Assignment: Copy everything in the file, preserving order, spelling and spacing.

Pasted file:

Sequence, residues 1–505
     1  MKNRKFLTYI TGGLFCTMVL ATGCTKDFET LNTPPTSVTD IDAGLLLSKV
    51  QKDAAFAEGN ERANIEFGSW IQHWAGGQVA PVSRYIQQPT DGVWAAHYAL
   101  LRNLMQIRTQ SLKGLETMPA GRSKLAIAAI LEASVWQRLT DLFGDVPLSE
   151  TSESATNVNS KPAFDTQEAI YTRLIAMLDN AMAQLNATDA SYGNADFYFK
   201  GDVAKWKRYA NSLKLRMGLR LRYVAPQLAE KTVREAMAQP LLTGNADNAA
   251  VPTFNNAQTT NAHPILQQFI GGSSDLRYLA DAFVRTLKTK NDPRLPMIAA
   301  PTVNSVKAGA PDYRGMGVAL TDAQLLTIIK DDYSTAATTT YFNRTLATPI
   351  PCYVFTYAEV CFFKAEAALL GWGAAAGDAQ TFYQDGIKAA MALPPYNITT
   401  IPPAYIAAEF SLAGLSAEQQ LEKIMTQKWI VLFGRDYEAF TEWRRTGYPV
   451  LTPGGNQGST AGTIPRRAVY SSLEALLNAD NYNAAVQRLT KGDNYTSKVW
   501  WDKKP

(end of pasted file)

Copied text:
Sequence, residues 1–505
     1  MKNRKFLTYI TGGLFCTMVL ATGCTKDFET LNTPPTSVTD IDAGLLLSKV
    51  QKDAAFAEGN ERANIEFGSW IQHWAGGQVA PVSRYIQQPT DGVWAAHYAL
   101  LRNLMQIRTQ SLKGLETMPA GRSKLAIAAI LEASVWQRLT DLFGDVPLSE
   151  TSESATNVNS KPAFDTQEAI YTRLIAMLDN AMAQLNATDA SYGNADFYFK
   201  GDVAKWKRYA NSLKLRMGLR LRYVAPQLAE KTVREAMAQP LLTGNADNAA
   251  VPTFNNAQTT NAHPILQQFI GGSSDLRYLA DAFVRTLKTK NDPRLPMIAA
   301  PTVNSVKAGA PDYRGMGVAL TDAQLLTIIK DDYSTAATTT YFNRTLATPI
   351  PCYVFTYAEV CFFKAEAALL GWGAAAGDAQ TFYQDGIKAA MALPPYNITT
   401  IPPAYIAAEF SLAGLSAEQQ LEKIMTQKWI VLFGRDYEAF TEWRRTGYPV
   451  LTPGGNQGST AGTIPRRAVY SSLEALLNAD NYNAAVQRLT KGDNYTSKVW
   501  WDKKP